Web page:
These and especially F2 seem like they would have higher wear resistance with better or similar toughness as AS. 1.2562 was also mentioned to have surprisingly high edge stability. Both can reach high hardness and F2 doesn't seem to lose toughness as it becomes harder as much as other steels. ZDP189 is most likely less tough, maybe Larrin can chime in.

    Basically, these might be somewhat better than AS, what's not to like.
     
  10. Jan 30, 2019 #10

    RDalman

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    Yea it's good stuff. Got a few knives completed and out there. Got myself a little stock I will laminate once I got moved and built the new shop with forging setup.
     
  11. Jan 30, 2019 #11

    GorillaGrunt

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    Thanks for weighing in Robin! What’s the working hardness range for it?
     
  12. Jan 30, 2019 #12

    GorillaGrunt

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    To elaborate a bit: who knows what Togo Reigo was, but F2 was mentioned in a thread about it and when I looked it up I saw that 67-69 number. The other steels that reach that hardness have the tradeoff of very high alloy and carbide content, but these not so much. I just remembered about the AS at 67 and that it was rather brittle, but I’m still curious.
     
  13. Jan 30, 2019 #13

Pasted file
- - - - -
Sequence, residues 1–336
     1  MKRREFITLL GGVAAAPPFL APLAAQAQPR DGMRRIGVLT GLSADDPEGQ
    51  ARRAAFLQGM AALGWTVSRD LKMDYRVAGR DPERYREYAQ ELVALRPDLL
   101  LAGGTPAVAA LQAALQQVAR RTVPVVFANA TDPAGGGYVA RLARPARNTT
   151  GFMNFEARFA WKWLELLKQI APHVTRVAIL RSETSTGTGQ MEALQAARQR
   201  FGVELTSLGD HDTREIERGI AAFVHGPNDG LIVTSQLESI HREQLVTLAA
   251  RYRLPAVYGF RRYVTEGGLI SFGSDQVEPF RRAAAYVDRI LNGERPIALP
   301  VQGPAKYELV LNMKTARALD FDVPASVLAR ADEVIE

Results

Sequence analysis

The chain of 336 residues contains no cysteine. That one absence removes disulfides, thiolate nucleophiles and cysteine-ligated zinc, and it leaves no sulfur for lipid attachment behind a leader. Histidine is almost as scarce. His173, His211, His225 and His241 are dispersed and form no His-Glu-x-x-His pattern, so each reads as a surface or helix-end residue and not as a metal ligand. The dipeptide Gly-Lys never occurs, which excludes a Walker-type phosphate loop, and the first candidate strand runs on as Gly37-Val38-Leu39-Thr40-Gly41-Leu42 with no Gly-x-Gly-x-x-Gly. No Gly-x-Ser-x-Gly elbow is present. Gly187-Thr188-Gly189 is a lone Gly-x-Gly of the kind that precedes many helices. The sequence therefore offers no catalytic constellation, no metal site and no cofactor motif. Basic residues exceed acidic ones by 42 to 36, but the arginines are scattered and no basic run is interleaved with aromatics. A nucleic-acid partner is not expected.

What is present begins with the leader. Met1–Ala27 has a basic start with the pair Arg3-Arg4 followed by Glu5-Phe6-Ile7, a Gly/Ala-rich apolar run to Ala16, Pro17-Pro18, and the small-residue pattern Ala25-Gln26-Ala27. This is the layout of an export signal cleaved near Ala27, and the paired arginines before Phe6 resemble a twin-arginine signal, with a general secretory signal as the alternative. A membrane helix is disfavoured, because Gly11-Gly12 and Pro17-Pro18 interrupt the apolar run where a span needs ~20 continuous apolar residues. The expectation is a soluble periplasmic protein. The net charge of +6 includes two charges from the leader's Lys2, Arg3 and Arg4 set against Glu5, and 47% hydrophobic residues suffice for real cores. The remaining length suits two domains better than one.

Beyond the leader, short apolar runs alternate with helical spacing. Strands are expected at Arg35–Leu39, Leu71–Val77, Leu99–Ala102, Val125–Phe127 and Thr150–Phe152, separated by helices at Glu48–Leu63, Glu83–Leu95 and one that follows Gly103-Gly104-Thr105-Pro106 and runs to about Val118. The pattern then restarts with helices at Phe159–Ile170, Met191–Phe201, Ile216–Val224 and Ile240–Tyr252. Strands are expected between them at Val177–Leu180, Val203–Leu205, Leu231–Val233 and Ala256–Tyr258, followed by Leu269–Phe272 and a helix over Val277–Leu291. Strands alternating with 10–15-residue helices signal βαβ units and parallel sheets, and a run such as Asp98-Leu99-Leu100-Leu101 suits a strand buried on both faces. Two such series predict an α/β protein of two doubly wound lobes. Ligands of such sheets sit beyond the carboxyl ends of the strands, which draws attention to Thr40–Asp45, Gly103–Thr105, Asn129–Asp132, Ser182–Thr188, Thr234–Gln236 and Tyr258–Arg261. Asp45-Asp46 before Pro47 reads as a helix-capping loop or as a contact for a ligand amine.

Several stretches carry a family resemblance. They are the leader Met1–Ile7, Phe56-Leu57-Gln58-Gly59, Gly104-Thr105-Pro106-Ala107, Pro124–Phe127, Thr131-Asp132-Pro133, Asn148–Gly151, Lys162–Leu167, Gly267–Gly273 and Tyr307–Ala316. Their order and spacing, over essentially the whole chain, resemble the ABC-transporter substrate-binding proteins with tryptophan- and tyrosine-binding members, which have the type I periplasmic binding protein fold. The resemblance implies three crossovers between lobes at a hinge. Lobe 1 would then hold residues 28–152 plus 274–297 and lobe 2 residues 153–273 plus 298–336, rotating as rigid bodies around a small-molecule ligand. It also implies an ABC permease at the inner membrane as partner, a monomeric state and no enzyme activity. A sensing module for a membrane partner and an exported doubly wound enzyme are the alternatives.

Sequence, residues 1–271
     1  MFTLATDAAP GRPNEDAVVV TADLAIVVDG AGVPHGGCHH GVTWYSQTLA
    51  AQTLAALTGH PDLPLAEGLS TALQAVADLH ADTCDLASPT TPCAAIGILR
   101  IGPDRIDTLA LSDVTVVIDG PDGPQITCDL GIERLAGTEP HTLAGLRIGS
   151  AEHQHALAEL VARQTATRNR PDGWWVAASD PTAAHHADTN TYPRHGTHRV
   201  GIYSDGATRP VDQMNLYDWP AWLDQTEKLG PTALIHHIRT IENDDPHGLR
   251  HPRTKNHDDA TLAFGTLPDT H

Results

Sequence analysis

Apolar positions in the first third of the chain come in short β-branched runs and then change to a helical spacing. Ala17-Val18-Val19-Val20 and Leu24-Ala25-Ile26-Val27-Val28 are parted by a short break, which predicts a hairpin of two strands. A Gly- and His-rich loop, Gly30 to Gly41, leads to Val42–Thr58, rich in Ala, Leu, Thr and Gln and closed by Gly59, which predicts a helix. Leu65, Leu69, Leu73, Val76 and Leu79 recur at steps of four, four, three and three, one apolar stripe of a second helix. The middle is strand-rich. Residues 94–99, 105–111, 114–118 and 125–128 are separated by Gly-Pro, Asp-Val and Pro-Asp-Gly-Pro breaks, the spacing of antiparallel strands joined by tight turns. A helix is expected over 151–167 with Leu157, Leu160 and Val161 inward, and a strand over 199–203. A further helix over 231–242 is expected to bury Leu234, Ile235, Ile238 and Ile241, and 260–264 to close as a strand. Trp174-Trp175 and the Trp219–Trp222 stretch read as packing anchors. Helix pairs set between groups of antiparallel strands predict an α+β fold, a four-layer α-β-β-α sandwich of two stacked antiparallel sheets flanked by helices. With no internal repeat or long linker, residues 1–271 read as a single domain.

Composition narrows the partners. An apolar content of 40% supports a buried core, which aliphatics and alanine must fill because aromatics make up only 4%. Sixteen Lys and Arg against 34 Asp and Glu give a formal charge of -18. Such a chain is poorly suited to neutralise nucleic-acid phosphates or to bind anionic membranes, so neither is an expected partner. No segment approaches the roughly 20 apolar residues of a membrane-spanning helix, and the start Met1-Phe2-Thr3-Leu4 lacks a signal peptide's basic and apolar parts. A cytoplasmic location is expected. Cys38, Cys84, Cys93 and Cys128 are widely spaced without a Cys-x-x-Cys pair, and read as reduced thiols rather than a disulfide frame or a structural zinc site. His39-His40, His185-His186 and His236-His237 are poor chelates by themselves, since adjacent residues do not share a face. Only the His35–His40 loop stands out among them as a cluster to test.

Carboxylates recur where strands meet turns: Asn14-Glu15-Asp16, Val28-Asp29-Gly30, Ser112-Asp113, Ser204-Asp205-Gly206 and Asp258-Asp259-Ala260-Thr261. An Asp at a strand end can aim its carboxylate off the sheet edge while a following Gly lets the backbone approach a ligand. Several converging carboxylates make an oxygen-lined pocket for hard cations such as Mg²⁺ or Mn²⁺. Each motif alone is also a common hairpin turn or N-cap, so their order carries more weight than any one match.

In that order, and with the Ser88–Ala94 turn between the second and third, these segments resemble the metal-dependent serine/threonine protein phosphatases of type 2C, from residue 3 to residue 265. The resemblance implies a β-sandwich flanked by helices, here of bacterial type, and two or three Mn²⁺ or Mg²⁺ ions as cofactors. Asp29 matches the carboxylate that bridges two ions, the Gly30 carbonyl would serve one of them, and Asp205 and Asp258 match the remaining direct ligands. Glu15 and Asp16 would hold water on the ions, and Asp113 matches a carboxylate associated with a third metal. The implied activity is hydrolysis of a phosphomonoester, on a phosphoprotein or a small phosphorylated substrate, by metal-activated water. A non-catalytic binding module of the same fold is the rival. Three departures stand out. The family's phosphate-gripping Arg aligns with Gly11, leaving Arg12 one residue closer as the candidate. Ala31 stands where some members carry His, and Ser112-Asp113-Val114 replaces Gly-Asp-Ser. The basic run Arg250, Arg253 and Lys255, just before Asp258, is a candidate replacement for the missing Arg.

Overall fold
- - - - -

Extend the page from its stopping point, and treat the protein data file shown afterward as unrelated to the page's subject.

Bert2368

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    radioactive-bear-cavalry.png
     
  14. Jan 30, 2019 #14

    Chicagohawkie

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    Ya, I remember that BST thread. Not sure how Togo And F2 ended up together, but those 2 steels are generations apart. Who has AS at 67? That’s crazy high. Very interesting to read about the progression of steels and how they apply.
     
  15. Jan 30, 2019 #15

    RDalman

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    "working hardness" can be kindof subjective. It quenches to about 68. I like it at 63-64 on the knives I make.
     
  16. Jan 30, 2019 #16

    F-Flash

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    I think damascus sukenari as gyutos used to Be 66-67 (was it Even 68?!) hrc. But they made it lower because of failure %.

    Edit. IT was 66-67, James @ knivesandstones has article about his visit at sukenari. And some info about those as gyutos aswell.
     
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  17. Jan 30, 2019 #17
    Togo, F2, 1.2562 are all in the same class of steels and are similar.

    I wouldn’t run it higher than 63-64. These steels lack toughness but have high wear resistance and good keeness.